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Central Auditory Processing Disorder (CAPD)

  • What is Central Auditory Processing Disorder?

    Central Auditory Processing Disorder (CAPD), also known as auditory processing disorder (APD), is an umbrella term for a number of disorders that affect the hearing process. People with CAPD have normal hearing. However, their brain is unable to process and make sense of what they are hearing.

    CAPD affects both adults and children and causes difficulty in understanding language due to some distortion to the auditory (hearing) signal. Some of the main characteristics of CAPD in children are the inability to clearly distinguish speech in noisy environments, difficulty following directions and conversations, poor decoding skills, distraction and learning difficulties.

  • The cause of CAPD is not known.

    • CAPD can occur due to the abnormal processing of auditory information by the brain, which can result from the delayed development of the central auditory system.
    • In addition, some developmental abnormalities have been linked to CAPD, such as attention deficit hyperactivity disorder (ADHD), autism spectrum disorder (ASD), dyslexia and language impairments.
    • There is also some evidence suggesting that children with neurological disorders, head trauma, and chronic ear infections can suffer from CAPD.
  • The symptoms of CAPD can exhibit different forms and can range from mild to severe, and may include:

    • Delayed speech and language development
    • Difficulty concentrating and understanding fast or unclear speech
    • Difficulty responding to questions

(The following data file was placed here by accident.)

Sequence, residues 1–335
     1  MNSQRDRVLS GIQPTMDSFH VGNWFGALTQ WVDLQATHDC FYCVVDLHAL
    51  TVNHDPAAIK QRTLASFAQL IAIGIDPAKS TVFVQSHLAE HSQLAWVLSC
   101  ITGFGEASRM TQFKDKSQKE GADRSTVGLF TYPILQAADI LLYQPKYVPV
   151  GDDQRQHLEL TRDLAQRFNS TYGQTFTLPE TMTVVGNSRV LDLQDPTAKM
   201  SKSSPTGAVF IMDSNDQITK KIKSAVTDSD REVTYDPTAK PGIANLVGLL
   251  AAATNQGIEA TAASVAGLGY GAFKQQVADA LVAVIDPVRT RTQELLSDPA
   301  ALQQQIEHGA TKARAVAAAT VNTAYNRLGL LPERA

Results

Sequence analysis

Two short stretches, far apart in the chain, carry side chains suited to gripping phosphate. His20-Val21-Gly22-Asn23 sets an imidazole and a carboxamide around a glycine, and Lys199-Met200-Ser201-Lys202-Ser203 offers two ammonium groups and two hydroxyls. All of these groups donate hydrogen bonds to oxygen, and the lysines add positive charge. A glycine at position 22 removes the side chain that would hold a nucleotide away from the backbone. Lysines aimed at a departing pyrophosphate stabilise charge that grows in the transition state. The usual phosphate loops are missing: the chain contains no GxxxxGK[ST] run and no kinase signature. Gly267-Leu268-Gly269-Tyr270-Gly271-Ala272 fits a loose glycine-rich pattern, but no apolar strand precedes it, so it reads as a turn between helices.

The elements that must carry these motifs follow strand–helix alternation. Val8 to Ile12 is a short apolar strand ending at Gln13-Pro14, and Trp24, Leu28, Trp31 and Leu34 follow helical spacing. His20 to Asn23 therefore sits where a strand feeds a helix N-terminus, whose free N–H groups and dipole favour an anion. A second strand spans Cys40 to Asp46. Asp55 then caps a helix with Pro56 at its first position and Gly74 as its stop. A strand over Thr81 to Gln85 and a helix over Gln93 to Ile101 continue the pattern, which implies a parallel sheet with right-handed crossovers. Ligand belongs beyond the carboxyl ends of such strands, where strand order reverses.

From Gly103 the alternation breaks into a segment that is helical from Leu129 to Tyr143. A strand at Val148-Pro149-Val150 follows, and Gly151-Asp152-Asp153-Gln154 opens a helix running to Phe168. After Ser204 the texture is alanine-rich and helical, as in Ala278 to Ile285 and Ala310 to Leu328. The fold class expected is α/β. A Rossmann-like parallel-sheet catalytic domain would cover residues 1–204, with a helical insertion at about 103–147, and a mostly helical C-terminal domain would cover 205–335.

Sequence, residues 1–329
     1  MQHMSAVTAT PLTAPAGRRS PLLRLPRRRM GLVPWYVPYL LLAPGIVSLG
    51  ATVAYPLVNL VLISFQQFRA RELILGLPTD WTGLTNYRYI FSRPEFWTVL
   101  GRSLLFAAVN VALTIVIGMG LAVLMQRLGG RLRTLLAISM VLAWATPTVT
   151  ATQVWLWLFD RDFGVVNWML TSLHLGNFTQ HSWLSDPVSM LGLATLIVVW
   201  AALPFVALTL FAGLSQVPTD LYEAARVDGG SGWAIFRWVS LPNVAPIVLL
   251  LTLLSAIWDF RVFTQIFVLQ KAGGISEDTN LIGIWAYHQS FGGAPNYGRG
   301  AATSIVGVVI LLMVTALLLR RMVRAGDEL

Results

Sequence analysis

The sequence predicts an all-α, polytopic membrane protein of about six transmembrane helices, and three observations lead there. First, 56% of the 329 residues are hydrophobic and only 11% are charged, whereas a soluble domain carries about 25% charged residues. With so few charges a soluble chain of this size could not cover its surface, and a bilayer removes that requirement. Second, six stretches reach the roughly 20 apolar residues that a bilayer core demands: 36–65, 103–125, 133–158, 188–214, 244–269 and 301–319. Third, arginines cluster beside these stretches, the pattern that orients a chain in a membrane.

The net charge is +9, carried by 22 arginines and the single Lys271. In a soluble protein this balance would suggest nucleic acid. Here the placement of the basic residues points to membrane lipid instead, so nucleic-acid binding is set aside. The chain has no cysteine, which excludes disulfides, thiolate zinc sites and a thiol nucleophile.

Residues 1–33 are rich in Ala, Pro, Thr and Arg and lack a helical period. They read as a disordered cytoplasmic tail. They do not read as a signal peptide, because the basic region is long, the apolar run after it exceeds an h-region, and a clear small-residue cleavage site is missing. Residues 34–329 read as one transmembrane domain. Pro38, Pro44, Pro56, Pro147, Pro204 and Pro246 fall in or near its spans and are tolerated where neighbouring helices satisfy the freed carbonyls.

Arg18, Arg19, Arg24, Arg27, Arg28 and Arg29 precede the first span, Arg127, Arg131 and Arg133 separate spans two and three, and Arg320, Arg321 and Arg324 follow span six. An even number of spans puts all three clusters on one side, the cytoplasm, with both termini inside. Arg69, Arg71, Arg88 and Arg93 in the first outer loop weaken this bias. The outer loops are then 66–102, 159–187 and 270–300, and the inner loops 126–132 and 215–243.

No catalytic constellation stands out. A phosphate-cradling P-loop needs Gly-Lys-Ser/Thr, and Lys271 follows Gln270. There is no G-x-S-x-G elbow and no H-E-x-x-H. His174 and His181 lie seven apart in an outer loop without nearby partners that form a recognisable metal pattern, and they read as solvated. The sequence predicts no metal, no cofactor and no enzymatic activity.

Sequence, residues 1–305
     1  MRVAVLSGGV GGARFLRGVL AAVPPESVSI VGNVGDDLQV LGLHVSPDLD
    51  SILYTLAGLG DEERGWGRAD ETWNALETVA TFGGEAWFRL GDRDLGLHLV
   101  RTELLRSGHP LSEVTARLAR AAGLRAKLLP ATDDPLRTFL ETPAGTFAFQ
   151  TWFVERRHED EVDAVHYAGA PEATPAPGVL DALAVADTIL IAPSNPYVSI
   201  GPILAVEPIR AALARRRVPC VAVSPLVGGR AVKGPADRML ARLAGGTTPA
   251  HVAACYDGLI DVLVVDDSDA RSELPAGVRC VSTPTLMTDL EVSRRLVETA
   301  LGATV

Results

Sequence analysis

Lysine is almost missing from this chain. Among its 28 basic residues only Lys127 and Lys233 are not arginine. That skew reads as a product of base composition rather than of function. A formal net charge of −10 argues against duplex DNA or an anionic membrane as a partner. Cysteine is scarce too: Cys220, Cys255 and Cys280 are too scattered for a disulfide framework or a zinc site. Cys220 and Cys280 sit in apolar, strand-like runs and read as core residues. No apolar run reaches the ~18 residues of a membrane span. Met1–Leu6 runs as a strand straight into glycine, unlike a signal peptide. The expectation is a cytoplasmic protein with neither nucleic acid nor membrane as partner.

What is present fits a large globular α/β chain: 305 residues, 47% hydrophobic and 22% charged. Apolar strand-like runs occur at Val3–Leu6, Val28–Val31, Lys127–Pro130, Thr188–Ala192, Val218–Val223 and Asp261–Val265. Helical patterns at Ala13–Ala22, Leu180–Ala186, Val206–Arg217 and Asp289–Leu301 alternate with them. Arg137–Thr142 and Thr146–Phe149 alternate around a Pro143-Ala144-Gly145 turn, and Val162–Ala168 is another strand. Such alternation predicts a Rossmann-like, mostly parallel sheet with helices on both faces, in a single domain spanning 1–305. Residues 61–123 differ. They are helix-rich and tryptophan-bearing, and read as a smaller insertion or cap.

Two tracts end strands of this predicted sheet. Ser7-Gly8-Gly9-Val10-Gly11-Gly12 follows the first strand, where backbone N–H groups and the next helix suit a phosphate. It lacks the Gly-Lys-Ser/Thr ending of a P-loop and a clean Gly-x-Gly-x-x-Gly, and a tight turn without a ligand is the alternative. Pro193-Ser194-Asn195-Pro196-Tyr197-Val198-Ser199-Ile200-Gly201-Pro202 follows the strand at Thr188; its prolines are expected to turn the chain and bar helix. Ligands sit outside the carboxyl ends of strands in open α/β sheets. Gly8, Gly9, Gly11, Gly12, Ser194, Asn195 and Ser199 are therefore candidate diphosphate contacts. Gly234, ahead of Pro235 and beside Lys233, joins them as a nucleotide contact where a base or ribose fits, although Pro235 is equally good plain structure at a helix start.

• Distraction and inattentiveness
    • Frequently asking for information to be repeated
    • Poor listening abilities
    • Poor performance in big groups
    • Poor self-esteem and anxiety
    • Reading, writing and spelling difficulties
    • Sensitivity to loud sounds
    • Trouble determining the source of a sound
    • Trouble differentiating sounds
    • Trouble listening and understanding speech in noisy environments
    • Trouble remembering information that was heard
  • There is no cure for CAPD. However, there are different treatment options aimed at improving this condition. Your speech therapist will evaluate your condition and recommend the treatment that suits you best, depending on the severity of your disorder.

    Treatment may include:

    • Individual speech therapy sessions that aim to encourage and train auditory processing pathways
    • Intervention to help manipulate a child's academic and learning environments, and these include:
      1. Assigning seats away from windows and other distractions
      2. Assigning seats close to teachers in the classroom
      3. Reducing background noise whenever possible
      4. Using hearing aids to amplify speech signals and supply them directly to the student’s ears
      5. Using visual aids such as handouts and diagrams to assist the child in following the lesson
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